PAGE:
As of a little more than a year ago the city had 50 traffic cameras to catch drivers who run red lights. Last summer the state legislature approved doubling the number of cameras. The new cameras were installed in December and they have been busy capturing the license plates of red light runners ever since.
City Department of Transportation figures, as reported by the Post, show more than a doubling of red light running drivers --from 21,799 in January 2006 to 56,312 this past January. If that pace continues the city will collect an extra $33.8 million in fines this year. Outgoing DoT Commisioner Iris Weinshall says the program is about safety, not revenue generation, and that the program is extremely effective.
In addition to the 100 operating cameras, which rotate between 175 high-traffic intersections, the city also has 200 dummy cameras. The dummies flash when cars run a red light but don't take a picture. Weinshall would like to increase the number of working cameras ten-fold so that there are 1000 cameras amongst the city's 12,000 intersections.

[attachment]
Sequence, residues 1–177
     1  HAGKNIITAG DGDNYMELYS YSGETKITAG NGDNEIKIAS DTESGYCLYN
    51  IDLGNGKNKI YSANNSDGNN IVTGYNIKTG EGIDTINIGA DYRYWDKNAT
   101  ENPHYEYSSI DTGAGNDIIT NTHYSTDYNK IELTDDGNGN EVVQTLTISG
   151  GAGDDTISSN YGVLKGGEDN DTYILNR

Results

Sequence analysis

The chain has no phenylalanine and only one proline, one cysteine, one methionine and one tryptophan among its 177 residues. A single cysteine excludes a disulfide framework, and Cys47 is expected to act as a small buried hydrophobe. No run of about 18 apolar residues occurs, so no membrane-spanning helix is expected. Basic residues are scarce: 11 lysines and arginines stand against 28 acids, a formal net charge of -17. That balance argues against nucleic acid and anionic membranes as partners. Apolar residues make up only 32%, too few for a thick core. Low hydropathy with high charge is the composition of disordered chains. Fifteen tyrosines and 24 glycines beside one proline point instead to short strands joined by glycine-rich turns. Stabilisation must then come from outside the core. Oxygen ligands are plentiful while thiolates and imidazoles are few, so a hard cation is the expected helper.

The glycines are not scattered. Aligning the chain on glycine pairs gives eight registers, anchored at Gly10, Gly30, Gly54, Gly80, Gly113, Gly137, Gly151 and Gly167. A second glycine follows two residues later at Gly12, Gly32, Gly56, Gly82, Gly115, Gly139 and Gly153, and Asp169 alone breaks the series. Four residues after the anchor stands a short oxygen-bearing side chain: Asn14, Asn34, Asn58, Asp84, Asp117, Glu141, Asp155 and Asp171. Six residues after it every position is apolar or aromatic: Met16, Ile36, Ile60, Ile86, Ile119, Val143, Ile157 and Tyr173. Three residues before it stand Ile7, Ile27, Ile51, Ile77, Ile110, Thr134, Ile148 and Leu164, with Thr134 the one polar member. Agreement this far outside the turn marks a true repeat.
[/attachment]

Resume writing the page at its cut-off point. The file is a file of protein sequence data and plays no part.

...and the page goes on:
Some residents are complaining about the new cameras. The Times talks a few residents of the Parc Vendome condo on 57th St., near a newly installed camera at 57th and 9th. The flash used by the camera is a 300-watt strobe light. Residents see the flash day and night, but the problem is worse after dark, especially late on a Saturday night. Complaints to City Councilmember Gale Brewer have gotten the DoT to promise to reposition the offending flash.
Fort Greene traffic camera by ultraclay! on Flickr